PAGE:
There are stories of all kinds that deal with entering the unknown. Whether it’s journeying into an uncharted land or meeting aliens on another planet, the subject holds a timeless allure.
In Alex Garland’s adaptation of Annihilation, a sci-fi novel by Jeff VanderMeer, entering the unknown is cast in a subtly new light. It’s about an encounter with the uncanny, but it’s also about human motivation: what drives us to venture off into uncertainty? Is it necessarily heroism, scientific curiosity, or can it be something much darker?
Garland’s follow-up to his stunning directorial debut, Ex Machina, Annihilation is another genre piece that favours suspense and thought over pyrotechnics – though like Ex Machina, it has more than a few moments to freeze the blood. Natalie Portman stars as Lena, a former soldier and scientist who joins an expedition to study something called the Shimmer: an unnatural curtain of light that first appeared in a remote part of America’s deep south, but is gradually expanding to swallow everything in its path.
Months earlier, Lena’s husband, Kane (Oscar Isaac) was a member of an ill-fated military expedition into the Shimmer; she has her own reason, then, to find out what the anomaly is. The deeper Lena’s team journey into the Shimmer, though, the more its mysteries deepen: the energy field has a curious effect on everything from animals to plant life, and gradually, the explorers themselves begin to succumb to its unearthly power.
Whether he wrote or directed them, Garland’s previous films often deal with the way characters deal with the stresses of extraordinary events. A solar expedition falls apart at the seams in Sunshine; a viral outbreak reveals the darker continents of the human psyche in 28 Days Later; solitary confinement begets monsters in Ex Machina. Slowly, brilliantly, Annihilation teases out the tiny flaws among its small group of five explorers: a fidgety psychologist played by Jennifer Jason Leigh; Gina Rodridguez’s paramedic; Tessa Thompson’s physicist, and Tuva Novotny’s geologist. The more they explore the Shimmer, the more their individual flaws are magnified and distorted, like a psychological hall of mirrors.
In its premise, Annihilation bears an obvious resemblance to Stalker, Andrei Tarkovsky’s Soviet film which was also adapted from a book: Arkady and Botis Strugatsky’s Roadside Picnic. But like Get Out and The Shape Of Water, it’s another recent film that takes a familiar genre idea and bends it into something new and unexpected. There are moments in Annihilation that also feel like Garland’s homage to other sci-fi staples like Forbidden Planet, or Tarkovsky’s other masterwork, Solaris; his control as a director is such that it all flows cleanly together, like blobs of mercury.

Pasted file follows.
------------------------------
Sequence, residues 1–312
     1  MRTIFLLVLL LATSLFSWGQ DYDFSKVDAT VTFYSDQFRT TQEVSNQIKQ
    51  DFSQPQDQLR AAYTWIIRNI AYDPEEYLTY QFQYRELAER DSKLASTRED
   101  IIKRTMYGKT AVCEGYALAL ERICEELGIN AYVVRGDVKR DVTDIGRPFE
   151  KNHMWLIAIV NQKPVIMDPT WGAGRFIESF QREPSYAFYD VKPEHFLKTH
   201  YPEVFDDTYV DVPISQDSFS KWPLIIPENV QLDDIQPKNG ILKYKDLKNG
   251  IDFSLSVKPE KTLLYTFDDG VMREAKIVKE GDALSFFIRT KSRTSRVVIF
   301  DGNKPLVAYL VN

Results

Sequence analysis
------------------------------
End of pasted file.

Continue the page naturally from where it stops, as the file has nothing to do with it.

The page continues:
The Shimmer itself is a fascinating, sometimes horrifying place; the visual effects can’t always keep place with the plot’s twisted imagination, but the story has such an irresistible pace that the odd digital lens flare or backdrop barely register. Likewise the performances, which are uniformly superb: Portman, Jason Leigh and Tessa Thompson all exude a restrained, quiet intelligence, while Rodriguez makes a bold contrast as a more physical, less closed-off member of the group. One of the reasons why the Shimmer feels so eerily real is because of the actors’ reaction to it – a believable compelling mixture of curiosity, fascination and increasing unease.
The quality of the performances means we’re along for the ride – which is just as well, because Garland takes us to some very strange places indeed. As events move from the grounded to the bizarre, cinematographer Rob Hardy makes every shot count, while the music – created by Ben Salisbury and Geoff Barrow – runs the gamut from familiar acoustic instruments to outright aural insanity.
It ought to be said that there’s method in Garland’s madness, though, and Annihilation’s startling audio-visual journey is underpinned an emotional story whose deeper meanings are sure to provoke thought and debate.
The past couple of years have brought us such flashes of genre brilliance as Arrival and Blade Runner 2049, and if there’s anything disappointing about Annihilation at all, it’s that it Garland’s film has wound up on Netflix in the UK; it arguably belonged up on a cinema screen, like all the other movies discussed in this review so far.
Its venue aside, Annihilation deserves to be mentioned in the same breath as the very best sci-fi movies of the past decade. Absorbing, disquieting, its ideas and imagery will continue to shimmer for years to come.
Annihilation is available to watch on Netflix UK now.